New Smoke Detector Test For Cancer

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‘No smoke without fire’ is the old adage often used to describe something suspicious, or an initial finding that points to something else much bigger and more significant. This is the premise behind a new blood based test being developed by Cancer Research Wales scientists at Swansea University for the early diagnosis of oesophageal cancer.

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The new test works by detecting mutated proteins (the smoke) expressed on the outside of red blood cells, which betray the presence of a cancer (the fire) lurking somewhere in the body. These cells can often appear before patients present in the clinic with cancer-related symptoms. This means that the test has great potential as a relatively inexpensive blood based diagnostic tool for detecting early cancers in both the primary and secondary care settings. This is particularly striking, given that only 2-3 routine tests (most notably PSA for prostate cancer and CA125 for ovarian cancer) are currently used for the diagnosis of cancer in primary practice, a picture that hasn’t changed in the last 25 years.pressconf

This exciting research is very welcomed, especially given that late cancer diagnosis is a major factor why overall cancer survival rates in Wales are poor compared to other countries with similar healthcare systems. Furthermore, those cancer types for which survival rates have remained static over the last 20 years – such as oesophageal, lung and pancreatic cancer – are often diagnosed at a late stage, when they are difficult to treat, manage and cure.

scientist collageThe Swansea University team: CRW PhD student Rachel Lawrence, Professor Gareth Jenkins and Dr Hassan Haboubi

The team at Swansea – Professor Gareth Jenkins, Dr Hassan Haboubi; a practicing gastroentrologist, and Cancer Research Wales PhD student; Rachel Lawrence – have so far validated the test using small blood samples taken from 300 individuals. Even at this early stage of development, the scientists have been able to discriminate between healthy people and those with oesophageal cancer.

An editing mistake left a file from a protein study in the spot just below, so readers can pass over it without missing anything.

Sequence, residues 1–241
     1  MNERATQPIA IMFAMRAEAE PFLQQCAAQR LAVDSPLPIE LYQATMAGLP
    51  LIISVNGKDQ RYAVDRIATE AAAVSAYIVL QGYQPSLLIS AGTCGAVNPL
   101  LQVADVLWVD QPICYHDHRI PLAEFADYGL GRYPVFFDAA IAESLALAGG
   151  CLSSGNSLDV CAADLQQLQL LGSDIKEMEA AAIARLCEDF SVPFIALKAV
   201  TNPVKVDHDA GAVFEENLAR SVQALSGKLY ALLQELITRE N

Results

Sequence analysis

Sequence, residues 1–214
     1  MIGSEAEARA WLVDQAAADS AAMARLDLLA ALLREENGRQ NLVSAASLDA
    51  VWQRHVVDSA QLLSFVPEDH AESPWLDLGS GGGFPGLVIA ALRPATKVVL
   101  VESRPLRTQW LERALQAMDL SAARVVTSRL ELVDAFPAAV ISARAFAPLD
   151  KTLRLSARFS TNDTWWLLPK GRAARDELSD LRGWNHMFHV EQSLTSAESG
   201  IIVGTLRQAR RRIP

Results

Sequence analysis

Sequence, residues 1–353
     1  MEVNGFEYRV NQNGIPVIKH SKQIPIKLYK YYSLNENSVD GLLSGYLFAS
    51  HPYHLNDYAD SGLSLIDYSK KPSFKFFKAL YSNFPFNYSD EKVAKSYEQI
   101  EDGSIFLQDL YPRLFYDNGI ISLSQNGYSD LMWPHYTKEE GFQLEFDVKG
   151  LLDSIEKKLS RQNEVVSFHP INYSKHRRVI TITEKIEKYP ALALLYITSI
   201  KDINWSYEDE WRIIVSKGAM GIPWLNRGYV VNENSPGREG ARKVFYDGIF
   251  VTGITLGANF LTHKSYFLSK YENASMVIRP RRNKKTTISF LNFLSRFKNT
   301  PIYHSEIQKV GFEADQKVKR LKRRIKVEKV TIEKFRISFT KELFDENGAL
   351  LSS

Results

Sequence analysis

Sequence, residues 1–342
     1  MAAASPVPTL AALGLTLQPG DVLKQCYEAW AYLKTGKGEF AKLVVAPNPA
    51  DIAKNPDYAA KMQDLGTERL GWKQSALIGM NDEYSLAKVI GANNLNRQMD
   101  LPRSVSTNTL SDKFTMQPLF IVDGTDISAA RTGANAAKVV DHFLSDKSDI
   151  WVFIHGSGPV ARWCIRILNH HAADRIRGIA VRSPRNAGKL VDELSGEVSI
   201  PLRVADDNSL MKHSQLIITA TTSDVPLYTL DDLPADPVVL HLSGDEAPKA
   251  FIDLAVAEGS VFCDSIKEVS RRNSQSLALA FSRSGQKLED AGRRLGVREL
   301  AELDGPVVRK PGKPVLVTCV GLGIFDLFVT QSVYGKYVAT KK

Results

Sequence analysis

This work is very timely, as access to new, more accurate and speedy tests for early cancer diagnosis is urgently needed by both GPs and oncologists alike. Currently, endoscopic procedures used in the investigation of suspected oesophageal cancer are costly, invasive and take time.

prof jenkins

This vital piece of research was unveiled on Tuesday at the British Science Festival, this year being hosted by Swansea University. Professor Jenkins gave a very eloquent and informative talk on the science behind the test and potential applications it may have moving foward. He was given a helping hand by his 9 year old daughter Milly Jenkins, who made several wonderful models of mutated red blood cells out of bean bags to brilliantly explain the concept behind this pioneering test. We at CRW believe that Milly is a naturally gifted science communicator.

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As a funder of this work, Cancer Research Wales very much looks foward to the blood test being further studied in larger cohorts of people and for other cancer types, as well as groups considered to be at high risk of developing cancer. This may take another 3-5 years of research and validation, after which the true potential of this test will be realised, so please stay with us on this exciting journey.

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This is local research that could have far-reaching benefits for people everywhere. For that, we would like to give a big thank you to the people of Wales for making this work possible.